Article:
President's Cookout Celebrates Summertime and Students on CampusBy Rebecca Goldfine
Each year, Bowdoin Dining sets up an outside dinner in late July for the many students living on campus over the summer. It's a chance for them to meet up with their peers and to chat with the president, deans, and other staff who come out for the event.
For President Zaki, the cookout was one of of her first opportunities to meet Bowdoin students. She started July 1.
“It was wonderful to have a chance to meet so many students,” she said. “Every student I talked to was engaged in impactful work this summer—from work in labs to writing projects to work in the local community. I am looking forward to getting to know more of our students.”
Some of those who stay on campus over the summer have research fellowships to work in professors' labs or to do their own independent, faculty-mentored research. Others have grants to intern at local organizations. Still more have jobs at Bowdoin—with the library, admissions office, or ground crew, for instance.
Katrina Carrier ’24 has a Paller Neuroscience 2023-2024 Academic Year Fellowship to work with Assistant Professor of Biology and Neuroscience Daniel Powell. Sitting down with her plate at one of the cookout's long tables, Carrier explained that she's studying the effects of temperature and salinity on lobsters' neurological systems. Outside of the lab, she said “the best part of summer has been swimming! I've gone multiple times at the Schiller Center, and I've gone kayaking and fishing, too.”
Kiera Dent ’24 is working as a senior interviewer for the Office of Admissions, meeting with high school seniors who are applying to Bowdoin. Her advice for applicants? “I want to hear why you're doing the things you're doing, not just what you're doing,” she said.
Anh Duc Nguyen ’24, a lead mentor for the Geoffrey Canada Scholars program (GCS), was sitting with fellow mentors. The flagship THRIVE initiative offers a four-week academic enrichment and college transition program for a select group of incoming first-years. Nguyen and the other mentors were preparing for the imminent arrival of the their new mentees.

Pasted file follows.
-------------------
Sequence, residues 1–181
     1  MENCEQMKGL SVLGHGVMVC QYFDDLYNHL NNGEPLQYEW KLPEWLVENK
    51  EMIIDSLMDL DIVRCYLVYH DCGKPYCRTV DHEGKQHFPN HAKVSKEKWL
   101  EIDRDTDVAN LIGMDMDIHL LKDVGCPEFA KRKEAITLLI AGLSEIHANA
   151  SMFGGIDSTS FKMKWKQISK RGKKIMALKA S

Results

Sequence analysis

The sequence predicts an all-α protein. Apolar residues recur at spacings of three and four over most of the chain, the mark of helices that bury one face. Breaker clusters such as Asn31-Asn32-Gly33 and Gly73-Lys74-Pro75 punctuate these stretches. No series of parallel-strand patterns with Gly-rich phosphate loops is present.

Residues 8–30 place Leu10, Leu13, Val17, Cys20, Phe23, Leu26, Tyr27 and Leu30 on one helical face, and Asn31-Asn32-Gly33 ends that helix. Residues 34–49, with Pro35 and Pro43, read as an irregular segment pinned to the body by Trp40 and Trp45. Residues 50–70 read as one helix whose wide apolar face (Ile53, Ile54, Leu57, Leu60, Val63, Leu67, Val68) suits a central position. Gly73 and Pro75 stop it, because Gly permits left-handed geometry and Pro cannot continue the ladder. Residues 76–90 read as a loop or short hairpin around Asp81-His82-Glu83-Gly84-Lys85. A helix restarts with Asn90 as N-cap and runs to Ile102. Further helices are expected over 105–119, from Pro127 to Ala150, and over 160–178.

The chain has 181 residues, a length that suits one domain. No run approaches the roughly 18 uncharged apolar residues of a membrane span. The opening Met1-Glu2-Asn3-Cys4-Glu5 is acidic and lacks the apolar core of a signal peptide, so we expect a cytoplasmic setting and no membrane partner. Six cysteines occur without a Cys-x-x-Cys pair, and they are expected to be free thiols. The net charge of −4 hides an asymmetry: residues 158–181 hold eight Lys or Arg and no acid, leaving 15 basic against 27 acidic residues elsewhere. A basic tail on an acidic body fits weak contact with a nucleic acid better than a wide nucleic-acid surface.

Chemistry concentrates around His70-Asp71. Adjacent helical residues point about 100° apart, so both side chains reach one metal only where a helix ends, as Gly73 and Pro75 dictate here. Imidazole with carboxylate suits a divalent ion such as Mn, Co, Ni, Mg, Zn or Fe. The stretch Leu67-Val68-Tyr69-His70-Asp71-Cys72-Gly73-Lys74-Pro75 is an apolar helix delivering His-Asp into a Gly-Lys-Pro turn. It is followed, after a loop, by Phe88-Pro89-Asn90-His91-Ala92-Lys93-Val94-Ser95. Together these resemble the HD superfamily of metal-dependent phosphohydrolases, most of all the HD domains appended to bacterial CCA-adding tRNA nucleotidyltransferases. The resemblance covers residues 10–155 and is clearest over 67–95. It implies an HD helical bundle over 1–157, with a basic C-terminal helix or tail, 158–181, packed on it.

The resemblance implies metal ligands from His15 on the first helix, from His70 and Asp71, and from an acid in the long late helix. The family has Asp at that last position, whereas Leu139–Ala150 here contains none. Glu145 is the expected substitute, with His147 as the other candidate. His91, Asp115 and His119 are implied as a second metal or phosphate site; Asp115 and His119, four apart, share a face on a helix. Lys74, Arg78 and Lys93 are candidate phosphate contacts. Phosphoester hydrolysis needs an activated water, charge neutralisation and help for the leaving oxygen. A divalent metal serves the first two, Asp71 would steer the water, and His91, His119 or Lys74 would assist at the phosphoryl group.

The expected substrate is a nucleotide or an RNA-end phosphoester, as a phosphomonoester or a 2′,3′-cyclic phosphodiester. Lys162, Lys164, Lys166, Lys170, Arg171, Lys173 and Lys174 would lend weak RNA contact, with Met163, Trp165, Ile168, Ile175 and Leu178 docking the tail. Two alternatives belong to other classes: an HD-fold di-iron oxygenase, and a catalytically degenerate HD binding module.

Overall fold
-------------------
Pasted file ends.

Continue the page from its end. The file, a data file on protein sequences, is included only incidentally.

“We have a really good team,” Nguyen said, a statement backed up by Hilary Castro ’25. She added, “We've been doing training every day, getting to know each other and brainstorming ideas.” Castro, herself, was a Geoffrey Canada Scholar who said the program had been very helpful for her. “I wanted to contribute and to have that same impact on new students,” she added.
Reynaldo Fuentez ’26 started the summer working with the Center for Cocurricular Opportunities before transitioning to his GCS job as a mentor. He said he's looking forward to meeting the scholars and showing them “what Maine is about—the people and the nature.”
Miranda Baxter ’24, a research assistant for the Office of Gender Violence Prevention and Health Education, said she's using the summer to prepare to launch her new zine, In Our Presence, for survivors of sexual violence. In her free time, she's been making art with her friend Sidney Starks ’24, who is working for admissions.
Emma Folkman ’24 said she has been loving her job with library collections management, the second summer she's worked there. “I'm trying not to make life hard for myself!” she said. In her free time, she's been taking dance classes and playing chess, as well as preparing to buy her first-ever car, a green Kia.
Photos by Fred Field